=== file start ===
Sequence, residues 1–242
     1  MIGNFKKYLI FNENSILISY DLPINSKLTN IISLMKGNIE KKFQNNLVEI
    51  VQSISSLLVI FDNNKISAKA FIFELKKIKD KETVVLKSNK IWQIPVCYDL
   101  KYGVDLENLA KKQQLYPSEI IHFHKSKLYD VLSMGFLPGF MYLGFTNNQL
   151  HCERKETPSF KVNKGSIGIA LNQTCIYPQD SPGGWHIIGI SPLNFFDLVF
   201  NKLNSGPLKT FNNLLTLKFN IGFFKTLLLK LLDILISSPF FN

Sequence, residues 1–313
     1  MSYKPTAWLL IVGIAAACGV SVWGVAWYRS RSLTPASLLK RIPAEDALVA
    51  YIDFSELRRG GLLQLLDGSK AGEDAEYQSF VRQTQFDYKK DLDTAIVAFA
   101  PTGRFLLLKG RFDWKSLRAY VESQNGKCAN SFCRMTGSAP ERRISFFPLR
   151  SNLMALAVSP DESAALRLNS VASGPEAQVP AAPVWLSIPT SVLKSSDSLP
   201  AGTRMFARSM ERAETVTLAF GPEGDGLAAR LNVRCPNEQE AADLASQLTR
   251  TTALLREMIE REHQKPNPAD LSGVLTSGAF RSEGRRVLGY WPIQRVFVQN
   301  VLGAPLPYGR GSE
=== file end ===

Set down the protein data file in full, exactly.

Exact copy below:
Sequence, residues 1–242
     1  MIGNFKKYLI FNENSILISY DLPINSKLTN IISLMKGNIE KKFQNNLVEI
    51  VQSISSLLVI FDNNKISAKA FIFELKKIKD KETVVLKSNK IWQIPVCYDL
   101  KYGVDLENLA KKQQLYPSEI IHFHKSKLYD VLSMGFLPGF MYLGFTNNQL
   151  HCERKETPSF KVNKGSIGIA LNQTCIYPQD SPGGWHIIGI SPLNFFDLVF
   201  NKLNSGPLKT FNNLLTLKFN IGFFKTLLLK LLDILISSPF FN

Sequence, residues 1–313
     1  MSYKPTAWLL IVGIAAACGV SVWGVAWYRS RSLTPASLLK RIPAEDALVA
    51  YIDFSELRRG GLLQLLDGSK AGEDAEYQSF VRQTQFDYKK DLDTAIVAFA
   101  PTGRFLLLKG RFDWKSLRAY VESQNGKCAN SFCRMTGSAP ERRISFFPLR
   151  SNLMALAVSP DESAALRLNS VASGPEAQVP AAPVWLSIPT SVLKSSDSLP
   201  AGTRMFARSM ERAETVTLAF GPEGDGLAAR LNVRCPNEQE AADLASQLTR
   251  TTALLREMIE REHQKPNPAD LSGVLTSGAF RSEGRRVLGY WPIQRVFVQN
   301  VLGAPLPYGR GSE